But we started noticing unprecedented changes in 2015, when the unthinkable and unbelievable began to happen in the Nigerian democratic environment; the erstwhile ruling party, PDP losing elections, at the federal and state levels. The primary reason APC could have won the 2015 presidential election, lost all its major strongholds in the 2023 elections, and why a number of sitting governors also lost the contest to move to the Senate while a number of unknown aspirants won a number of prime elective positions must largely be credited to the independence and neutrality of the election umpire more than any other factors; but apparently, many Nigerians, given the dismal antecedents, would not agree to that. Perhaps, in the future, this assertion may become clearer and widely accepted.
However, 2023 elections proves to be a complete manifestation of the darkness in some politicians and the extent they are willing to go to circumvent institutional processes and manipulate the same in order to win elections; and this has become a thorn in the national quest to salvage the battered image and public trust in both INEC and the judiciary. The highhandedness of politicians and political parties to bend the rules has, eventually after the elections, become the common grounds for the judicial annulment of a handful of victories and the attendant exchange of aspersions by the key institutions involved – INEC, the judiciary as well as the political parties and politicians.
At this point, I would state that the nation’s political party, as a core democratic institution has become a total departure from what a political party should be; because, rather than be a platform for a holistic electoral participation based on rules and respected standards, we now parade political parties that are mere collation of individuals that make it so easy for malevolent politicians to find their way – to buy their way apparently – to contest and win elections. Of course, intra-party rancours, leading to political parties going into elections without appropriate lawful structure, without complying with the rules of the game, for instance, failure to constitute proper party excos at the state level, and the acceptance of nonmembers, the last minute carpetbaggers to jump in to pick party nominations with such abandonment as witnessed in the last election cycle in the country; and a host of other anomalies that characterised the operations of political parties and managers of political parties in the country, has added to the dent on the institution, and by extension, INEC and the judiciary that interface with the nation’s democracy and political system.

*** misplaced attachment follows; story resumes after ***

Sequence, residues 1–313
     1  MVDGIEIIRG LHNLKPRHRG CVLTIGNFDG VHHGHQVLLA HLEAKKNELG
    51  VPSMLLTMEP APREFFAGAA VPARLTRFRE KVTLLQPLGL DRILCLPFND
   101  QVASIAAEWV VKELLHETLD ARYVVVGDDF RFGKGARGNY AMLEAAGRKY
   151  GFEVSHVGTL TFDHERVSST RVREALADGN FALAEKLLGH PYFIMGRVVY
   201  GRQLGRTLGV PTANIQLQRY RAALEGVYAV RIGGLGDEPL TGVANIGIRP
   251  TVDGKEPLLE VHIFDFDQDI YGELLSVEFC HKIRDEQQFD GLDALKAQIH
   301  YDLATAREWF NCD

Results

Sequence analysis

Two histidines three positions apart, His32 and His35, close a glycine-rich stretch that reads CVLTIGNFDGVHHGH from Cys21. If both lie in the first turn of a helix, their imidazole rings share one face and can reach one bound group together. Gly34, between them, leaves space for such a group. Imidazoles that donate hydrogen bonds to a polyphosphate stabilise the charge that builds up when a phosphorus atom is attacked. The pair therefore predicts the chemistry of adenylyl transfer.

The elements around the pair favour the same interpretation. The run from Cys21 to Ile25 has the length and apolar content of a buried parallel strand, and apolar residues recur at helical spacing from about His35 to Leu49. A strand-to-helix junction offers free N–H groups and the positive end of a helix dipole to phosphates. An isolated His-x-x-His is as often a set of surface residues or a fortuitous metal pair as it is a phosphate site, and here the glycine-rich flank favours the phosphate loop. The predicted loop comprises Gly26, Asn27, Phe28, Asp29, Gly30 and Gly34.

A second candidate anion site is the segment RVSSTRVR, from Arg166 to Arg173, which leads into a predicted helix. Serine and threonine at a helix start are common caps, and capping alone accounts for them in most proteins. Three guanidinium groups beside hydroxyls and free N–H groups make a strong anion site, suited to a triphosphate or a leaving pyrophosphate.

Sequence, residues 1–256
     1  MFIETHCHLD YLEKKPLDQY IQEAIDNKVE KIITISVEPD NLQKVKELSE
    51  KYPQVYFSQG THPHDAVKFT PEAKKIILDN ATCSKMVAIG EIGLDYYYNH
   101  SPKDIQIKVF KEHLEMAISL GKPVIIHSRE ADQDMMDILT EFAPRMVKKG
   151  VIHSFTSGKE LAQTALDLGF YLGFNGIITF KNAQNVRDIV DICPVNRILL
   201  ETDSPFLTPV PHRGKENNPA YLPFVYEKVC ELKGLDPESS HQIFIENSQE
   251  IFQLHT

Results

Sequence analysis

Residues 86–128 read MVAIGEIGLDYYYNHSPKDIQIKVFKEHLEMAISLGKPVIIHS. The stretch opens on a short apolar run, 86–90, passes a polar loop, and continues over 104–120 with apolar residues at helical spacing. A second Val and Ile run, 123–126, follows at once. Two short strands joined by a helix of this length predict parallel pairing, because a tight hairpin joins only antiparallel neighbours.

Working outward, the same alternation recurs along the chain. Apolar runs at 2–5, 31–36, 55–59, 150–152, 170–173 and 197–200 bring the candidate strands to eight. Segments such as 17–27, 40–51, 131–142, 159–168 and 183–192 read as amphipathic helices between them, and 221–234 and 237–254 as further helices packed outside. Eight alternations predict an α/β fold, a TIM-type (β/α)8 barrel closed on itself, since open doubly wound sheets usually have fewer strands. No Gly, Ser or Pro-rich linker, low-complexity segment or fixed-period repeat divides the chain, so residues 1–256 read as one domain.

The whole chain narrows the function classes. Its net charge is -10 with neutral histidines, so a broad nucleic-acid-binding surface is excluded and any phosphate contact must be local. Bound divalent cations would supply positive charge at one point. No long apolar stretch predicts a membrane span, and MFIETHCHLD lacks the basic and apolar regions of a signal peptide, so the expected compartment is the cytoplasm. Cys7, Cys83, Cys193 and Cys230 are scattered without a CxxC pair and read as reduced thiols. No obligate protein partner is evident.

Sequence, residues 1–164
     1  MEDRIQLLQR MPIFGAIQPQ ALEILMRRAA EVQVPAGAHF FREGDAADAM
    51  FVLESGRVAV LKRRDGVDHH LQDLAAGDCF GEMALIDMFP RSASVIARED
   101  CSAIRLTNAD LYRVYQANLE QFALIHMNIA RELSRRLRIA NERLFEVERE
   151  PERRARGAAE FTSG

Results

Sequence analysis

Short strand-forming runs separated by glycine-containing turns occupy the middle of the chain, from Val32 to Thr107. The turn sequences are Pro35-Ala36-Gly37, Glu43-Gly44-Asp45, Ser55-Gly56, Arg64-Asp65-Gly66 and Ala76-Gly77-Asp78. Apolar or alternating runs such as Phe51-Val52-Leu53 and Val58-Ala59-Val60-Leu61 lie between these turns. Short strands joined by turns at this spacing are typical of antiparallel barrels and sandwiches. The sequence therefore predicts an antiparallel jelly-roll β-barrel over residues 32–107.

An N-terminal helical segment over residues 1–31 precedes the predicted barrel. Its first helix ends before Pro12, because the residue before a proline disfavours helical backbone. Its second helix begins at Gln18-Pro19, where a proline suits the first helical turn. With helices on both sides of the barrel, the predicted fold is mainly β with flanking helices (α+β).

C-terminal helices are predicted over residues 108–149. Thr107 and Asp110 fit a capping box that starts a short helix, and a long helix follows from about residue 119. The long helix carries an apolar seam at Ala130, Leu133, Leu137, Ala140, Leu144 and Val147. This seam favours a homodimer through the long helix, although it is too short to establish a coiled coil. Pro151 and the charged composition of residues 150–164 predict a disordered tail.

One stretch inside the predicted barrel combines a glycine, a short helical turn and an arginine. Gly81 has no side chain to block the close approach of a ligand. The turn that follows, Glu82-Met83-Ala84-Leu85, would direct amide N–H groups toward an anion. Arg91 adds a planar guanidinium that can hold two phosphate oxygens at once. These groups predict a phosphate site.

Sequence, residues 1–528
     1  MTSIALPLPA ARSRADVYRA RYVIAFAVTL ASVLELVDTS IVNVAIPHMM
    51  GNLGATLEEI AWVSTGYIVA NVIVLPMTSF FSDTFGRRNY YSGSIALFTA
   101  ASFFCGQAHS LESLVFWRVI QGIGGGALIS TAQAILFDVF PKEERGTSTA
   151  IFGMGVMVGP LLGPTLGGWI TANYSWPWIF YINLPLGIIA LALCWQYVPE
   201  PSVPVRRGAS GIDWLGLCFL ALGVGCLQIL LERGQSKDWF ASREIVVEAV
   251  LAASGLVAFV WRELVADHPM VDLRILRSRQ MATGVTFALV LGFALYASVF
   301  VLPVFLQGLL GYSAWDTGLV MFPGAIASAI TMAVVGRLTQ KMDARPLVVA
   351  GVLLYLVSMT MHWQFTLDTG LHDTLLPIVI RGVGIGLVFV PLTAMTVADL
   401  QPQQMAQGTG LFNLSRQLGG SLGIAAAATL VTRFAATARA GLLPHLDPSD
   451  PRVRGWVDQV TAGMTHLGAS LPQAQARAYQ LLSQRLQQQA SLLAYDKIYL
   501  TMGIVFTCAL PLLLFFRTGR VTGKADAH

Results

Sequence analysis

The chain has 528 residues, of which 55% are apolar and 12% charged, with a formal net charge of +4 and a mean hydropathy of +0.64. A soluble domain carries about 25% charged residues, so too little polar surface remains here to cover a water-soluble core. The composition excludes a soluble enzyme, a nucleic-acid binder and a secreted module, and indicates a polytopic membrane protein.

Take for instance, what transpired in Plateau State PDP prior to the 2023 elections. A court sitting in Jos had mandated the party to put its house in order and organise legitimate party congresses to produce legitimate party officials in the state, but either by omission or sheer impunity, the party called the bluff of the court and proceeded with a divided house and without a recognised, compliant party structure to present apparently illegitimate candidates for elective positions in clear contravention of constitutional provisions. And now, that the court was left with no option but to declare all votes for the party candidates in the state wasted, and equally handing over their respective victories to the party that trails behind in the election, being the APC, all hell is let loose on the judiciary.
But what would we have the judiciary do? To look the other way from the constitution and the electoral law to shield itself from public battering? I don’t think so. At the cost of losing its public image, occasioned by politicians’ orchestrated public attacks, the court can only do one thing, stand strong on the shoulders of justice. Just like the words of the Chief Justice of the Federation of Nigeria, ‘’the judiciary must be determined not to be overwhelmed by the sentiments of the “mob” in their decisions. The law is the law; public sentiments and opinions would always run riot in its attempt to sway the court from doing its due diligence in determination of cases brought before it. Sentiments or emotions can never take the place of the law in deciding cases.“ The law remains the law, no matter whose interest is involved.